Planning your retirement – six big mistakes to avoid
Sadly, it’s a fact – people make mistakes with their retirement planning all the time. Here are six sure ways to scupper your retirement plans, but more importantly solutions that should help to get you back on track.
Many of our clients come to us at a point when they start thinking about planning for the future, thinking about what options they might have about giving up work, how much they’ll need in retirement and when it might be feasible to retire.
Planning for retirement isn’t easy. We see some quite common issues and I thought that highlighting these, either so that you can avoid them, or even identify you’re doing them and change things as soon as possible. I summarise the main mistakes as follows:
Problem 1: No written plan
Many people go through retirement with no clear plan as to how much they are going to need from one year to the next. They’ve no clear plan where their income will come from. And there’s no clear plan that shows how long their money will last.
Solution: A written plan
Having a clear plan in place, you’ll know where you are and where you’re going. Of course, it will need reviewing and adjustments may need to be made each year as your objectives changes. However, having a plan in place will help to ensure you remain “on track”.
Problem 2: Giving away too much, too soon
You have carefully planned your future income needs, but then the “bank of Mum and Dad” kicks in. Maybe you’re asked to help with everyday living expenses, student debt, house deposits, or if the children come up short. Maybe this is in the form of gifts. Or it could be a loan. The problem is that parents then run the risk of not having enough for their own needs, either now, or in the future.
Solution: Make sure you’re OK first
I’m afraid that you really do need to be a little selfish here. Of course, we can plan gifting into your financial plan, but you need to make sure that you’re going to be OK first. This might sound harsh, and obviously every situation is different, but there is something about achieving financial independence and not having to rely on others. You can maintain your own financial independence, whilst also teaching your children these important values.
Problem 3: Using over-optimistic assumptions for returns
Think back to the endowment scandal days when the maturity value of your plan was dependent on you achieving 9% per annum returns. Yes, you might achieve these returns one year, but it’s not sensible to assume that you will achieve them every year and your plan will very likely prove unsuccessful.
Solution: Conservative approach
Be a little more conservative in your assumptions. As a rule of thumb, a withdrawal rate of 4% should be sustainable, but of course this very much depends on the level of risk at which you are investing. Be sure that your investments and pensions are positioned to avoid huge swings in value and maybe look to keep part of your portfolio as cash to provide for income when investments are down in value.
Problem 4: Taking too much risk
The old adage rings true; if it sounds too good to be true, it probably is! Depending on your risk appetite and your ability to cope with losses, you might wish to only include high risk investments as a very small part of your portfolio, or potentially avoid them completely. Clients often under-estimate the risk of their portfolios and what suited them when they were in their 30s doesn’t necessarily suit now that they are in their 50s or 60s. Many think they are in cautious investments, when in actual fact they are invested at much higher risk than they thought.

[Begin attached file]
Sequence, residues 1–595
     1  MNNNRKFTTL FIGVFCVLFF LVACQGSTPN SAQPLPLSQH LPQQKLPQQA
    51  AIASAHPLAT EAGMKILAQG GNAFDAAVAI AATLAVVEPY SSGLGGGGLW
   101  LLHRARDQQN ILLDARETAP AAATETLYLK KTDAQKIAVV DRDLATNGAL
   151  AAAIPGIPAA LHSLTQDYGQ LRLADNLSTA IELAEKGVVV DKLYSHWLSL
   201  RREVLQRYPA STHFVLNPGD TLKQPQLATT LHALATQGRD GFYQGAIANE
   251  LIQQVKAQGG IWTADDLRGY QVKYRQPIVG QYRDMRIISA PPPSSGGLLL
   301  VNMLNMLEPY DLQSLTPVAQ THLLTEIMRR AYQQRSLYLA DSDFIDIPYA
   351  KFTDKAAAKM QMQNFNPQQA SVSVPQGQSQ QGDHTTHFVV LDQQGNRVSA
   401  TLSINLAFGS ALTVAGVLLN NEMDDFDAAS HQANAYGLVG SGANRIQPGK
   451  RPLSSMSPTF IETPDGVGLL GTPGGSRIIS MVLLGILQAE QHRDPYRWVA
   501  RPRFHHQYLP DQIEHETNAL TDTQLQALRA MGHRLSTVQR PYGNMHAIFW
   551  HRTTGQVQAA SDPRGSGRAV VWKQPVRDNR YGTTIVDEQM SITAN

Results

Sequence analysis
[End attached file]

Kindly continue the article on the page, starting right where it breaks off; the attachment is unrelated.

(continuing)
Solution: Portfolio analysis and construction
Your financial planner should be able to model the potential losses or gains on your portfolio and therefore explain how vulnerable you might be in the future. They’ll look to construct a portfolio that not only fits with your attitude to risk, but also your capacity for loss and, most importantly, your needs and objectives. If you can achieve your goals with a lower risk portfolio, why invest at higher risk and potentially risk the lifestyle you’d dreamed of?
Problem 5: Struggling to adopt a spending mindset
It’s hard to change the habits of a lifetime. After many years of working hard and saving hard towards your retirement, many struggle to adapt to spending, rather than saving. Some will take an overly cautious approach to spending and then find that they have missed opportunities. Maybe they could have retired earlier. Maybe they could have travelled more. Maybe they could have spent more time with loved ones.
Solution: Prioritise your goals and what’s important to you
Be clear about what is a sustainable level of income and then prioritise what really matters. By thinking about the things that are really important to you and that really make you happy, you can prioritise your spending on these things.
Problem 6: Believing “you’ll be OK”
Many financial advisers don’t provide you with a financial plan, a clear action plan. If you don’t have a plan, or you don’t understand the plan that your financial adviser or financial planner has provided you with, you may not be “OK”.
Solution: A good financial plan
If your financial adviser can’t provide you with a plan, or if they’re focused simply on growth of your investments or pensions, without consideration for your need to take risk and future income needs, then maybe it’s time to move on?
We’d be delighted to help more clients avoid these mistakes, helping them create a cohesive financial plan and investment and pension strategy that helps provide clarity, security and freedom.
If you are concerned at any of these problems for yourself, or if you have any friends, family or colleagues that could benefit from working with us, then please do get in contact.
Please note: This blog is for information only and does not constitute advice. The information is aimed at retail clients only.